In 2019, Mackenzie Scott, ex-wife of Amazon founder Jeff Bezos, promised to give “until the safe was empty.” Making good on this pledge, Scott announced her third donation amounting to $2.74 billion, this time to organizations focusing on the arts and combating racial discrimination.
Her bequests to various charities and organizations now amount to more than $8.5 billion.
After 25 years of marriage, Mackenzie Scott divorced Amazon Chief Executive Officer Jeff Bezos in 2019. Her settlement made Scott one of the wealthiest women in the world, with a fortune believed to be about $59 billion. She has since remarried, tying the knot with Dan Jewett in March.
Scott’s current donation is part of her commitment to The Giving Pledge, a campaign created by Bill Gates, Warren Buffett, and Melinda Gates to encourage the extremely wealthy to give generously to worthy philanthropic causes.
Scott made her first donation through the campaign in July 2020, when she bestowed $1.7 billion to 116 organizations. These groups worked on areas of need, such as racial equity, LGBTQ+ equity, functional democracy, and climate change.
She made another considerable donation in December 2020, parting with $4.2 billion that was then distributed to 384 organizations. This latest contribution is her third in less than a year.
Scott announced the gifts to 286 deserving organizations in her blog and on Twitter. She stated that these groups, which include the Racial Equity in Journalism Fund, the Asian American Federation, the Emerging LGBTQ Leaders of Color Fund, and the National Equity Project, were “high-impact organizations in categories and communities that have been historically underfunded and overlooked.”
These areas and groups include higher education, organizations that bridge religious and ethnic divides, arts and cultural institutions, and groups that empower women and girls and support community engagement.
In her post entitled Seeding by Ceding, she said, “I want to de-emphasize privileged voices and cede focus to others. People struggling against inequities deserve center stage in stories about change they are creating.”
She described her donation as “Me, Dan, a constellation of researchers and administrators and advisors — we are all attempting to give away a fortune that was enabled by systems in need of change.”
The post also condemned the wealth gap that concentrated most of the world’s wealth into a select group of people. Scott stated, “In this effort, we are governed by a humbling belief that it would be better if disproportionate wealth were not concentrated in a small number of hands, and that the solutions are best designed and implemented by others.”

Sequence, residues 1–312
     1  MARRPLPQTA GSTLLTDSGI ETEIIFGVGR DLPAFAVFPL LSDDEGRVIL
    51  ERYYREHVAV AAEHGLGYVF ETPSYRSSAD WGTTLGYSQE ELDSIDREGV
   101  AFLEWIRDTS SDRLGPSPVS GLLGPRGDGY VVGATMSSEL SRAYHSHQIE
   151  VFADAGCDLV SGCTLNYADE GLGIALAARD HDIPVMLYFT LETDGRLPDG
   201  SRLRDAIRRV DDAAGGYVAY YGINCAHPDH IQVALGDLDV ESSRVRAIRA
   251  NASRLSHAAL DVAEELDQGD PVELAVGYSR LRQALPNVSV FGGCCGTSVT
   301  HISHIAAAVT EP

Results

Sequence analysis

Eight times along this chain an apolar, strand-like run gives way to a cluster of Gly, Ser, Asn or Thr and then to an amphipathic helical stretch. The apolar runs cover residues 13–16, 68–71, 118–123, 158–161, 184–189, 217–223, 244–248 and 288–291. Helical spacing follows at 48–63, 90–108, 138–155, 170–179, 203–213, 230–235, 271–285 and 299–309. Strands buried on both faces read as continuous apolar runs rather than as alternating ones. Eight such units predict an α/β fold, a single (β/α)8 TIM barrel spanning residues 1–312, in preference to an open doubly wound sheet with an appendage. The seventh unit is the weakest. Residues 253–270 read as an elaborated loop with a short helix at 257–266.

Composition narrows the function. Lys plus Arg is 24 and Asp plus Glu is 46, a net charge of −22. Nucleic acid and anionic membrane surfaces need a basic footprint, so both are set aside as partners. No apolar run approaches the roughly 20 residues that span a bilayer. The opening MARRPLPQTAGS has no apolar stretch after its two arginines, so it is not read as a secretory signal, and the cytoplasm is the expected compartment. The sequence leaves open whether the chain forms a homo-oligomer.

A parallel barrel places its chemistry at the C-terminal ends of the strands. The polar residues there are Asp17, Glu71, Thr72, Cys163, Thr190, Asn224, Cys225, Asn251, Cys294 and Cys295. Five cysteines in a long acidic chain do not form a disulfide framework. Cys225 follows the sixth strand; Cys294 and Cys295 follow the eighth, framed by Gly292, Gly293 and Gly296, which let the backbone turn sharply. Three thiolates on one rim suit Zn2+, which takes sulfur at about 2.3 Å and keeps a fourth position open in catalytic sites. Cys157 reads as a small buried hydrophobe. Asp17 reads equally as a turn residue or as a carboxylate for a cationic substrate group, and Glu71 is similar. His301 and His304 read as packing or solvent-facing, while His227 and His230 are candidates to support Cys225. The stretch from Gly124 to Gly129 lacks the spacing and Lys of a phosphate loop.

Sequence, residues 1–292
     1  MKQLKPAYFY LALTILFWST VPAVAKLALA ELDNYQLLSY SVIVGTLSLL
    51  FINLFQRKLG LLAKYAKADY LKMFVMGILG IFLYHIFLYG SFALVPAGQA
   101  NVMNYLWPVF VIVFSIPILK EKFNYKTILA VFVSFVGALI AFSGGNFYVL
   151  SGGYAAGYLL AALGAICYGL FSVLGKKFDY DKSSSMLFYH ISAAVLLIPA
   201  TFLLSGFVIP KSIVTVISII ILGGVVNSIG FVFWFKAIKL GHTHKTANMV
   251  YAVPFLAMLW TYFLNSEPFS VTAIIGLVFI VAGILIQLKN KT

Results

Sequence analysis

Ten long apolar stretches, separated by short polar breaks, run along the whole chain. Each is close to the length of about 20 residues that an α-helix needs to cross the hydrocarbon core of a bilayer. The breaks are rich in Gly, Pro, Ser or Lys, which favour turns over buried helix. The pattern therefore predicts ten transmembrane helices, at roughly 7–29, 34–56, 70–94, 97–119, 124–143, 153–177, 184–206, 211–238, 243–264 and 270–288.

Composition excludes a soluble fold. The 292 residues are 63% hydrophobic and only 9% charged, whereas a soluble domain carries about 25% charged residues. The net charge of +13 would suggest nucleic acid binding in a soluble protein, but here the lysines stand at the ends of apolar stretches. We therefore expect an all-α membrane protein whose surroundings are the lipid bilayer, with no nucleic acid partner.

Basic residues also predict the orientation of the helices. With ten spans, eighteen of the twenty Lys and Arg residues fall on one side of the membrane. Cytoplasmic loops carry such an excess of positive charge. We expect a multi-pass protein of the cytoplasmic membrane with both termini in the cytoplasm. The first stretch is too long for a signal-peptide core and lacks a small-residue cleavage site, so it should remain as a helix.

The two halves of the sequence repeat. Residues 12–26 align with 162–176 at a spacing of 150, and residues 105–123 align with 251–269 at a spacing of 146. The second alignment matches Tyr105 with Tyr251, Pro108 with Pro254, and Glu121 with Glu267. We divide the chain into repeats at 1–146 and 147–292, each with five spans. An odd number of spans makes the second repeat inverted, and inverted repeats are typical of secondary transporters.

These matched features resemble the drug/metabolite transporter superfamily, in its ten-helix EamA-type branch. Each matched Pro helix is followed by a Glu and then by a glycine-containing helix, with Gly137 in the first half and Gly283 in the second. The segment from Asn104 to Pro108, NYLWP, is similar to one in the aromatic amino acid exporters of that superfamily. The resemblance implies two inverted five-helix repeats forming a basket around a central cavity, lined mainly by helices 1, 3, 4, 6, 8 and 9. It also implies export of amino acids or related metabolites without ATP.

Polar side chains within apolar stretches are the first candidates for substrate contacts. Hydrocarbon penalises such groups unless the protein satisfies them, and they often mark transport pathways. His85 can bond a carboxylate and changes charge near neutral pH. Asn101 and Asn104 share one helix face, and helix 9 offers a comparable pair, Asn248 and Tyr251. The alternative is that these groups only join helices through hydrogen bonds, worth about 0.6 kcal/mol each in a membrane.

She added, “Though we still have a lot to learn about how to act on these beliefs without contradicting and subverting them, we can begin by acknowledging that people working to build power from within communities are the agents of change. Their service supports and empowers people who go on to support and empower others.”
For this reason, Scott and her team, after a rigorous process of research and analysis, chose equity-oriented non-profits as recipients of the donation. There are also no strings attached with the cash gifts.
“Because we believe that teams with experience on the front lines of challenges will know best how to put the money to good use, we encouraged them to spend it however they choose,” she wrote.
The announcement brought about a wave of reactions from the donation’s beneficiaries. Reverend Alvin Herring, executive director of the 50-year old non-profit Faith in Action, said the gift would be directed toward working on issues such as gun violence, health care, immigration, voting rights, and building leadership skills for women of color.
Erik Stegman, executive directorof Native Americans in Philanthropy, which connects donors with American-led nonprofits, stated, “MacKenzie Scott has recommitted to transformative work, the organizations that undertake it and the leaders whose ideas are often underfunded and overlooked. It’s important to note that she has also just written checks to these organizations, leaving her own interests to the side and giving up power to the organizations she’s funding.”
Scott’s statement on the concentration of extreme wealth in a small number of people was underscored by a ProPublica report, which stated that the richest 25 Americans paid less taxes compared to ordinary Americans.
Using Internal Revenue Service data, the report showed that some of the country’s wealthiest people paid little to no income tax in some years. Scott’s former husband Bezos, for instance, did not pay income tax in 2007 and 2011.
From 2006 to 2018, Bezos reported an income of $6.5 billion, on which he paid $1.4 billion in personal federal taxes. For the same period, ProPublica reported that his total wealth increased by $127 billion, most of it tied to Amazon stock.
Scott’s wealth, similar to Bezos, is tied to the stock market fortunes of Amazon.com, whose shares increased by a massive 30 percent, as people made more purchases online due to the pandemic.
Her donation shows that the very well wealthy have more than enough to share with the rest of the world.
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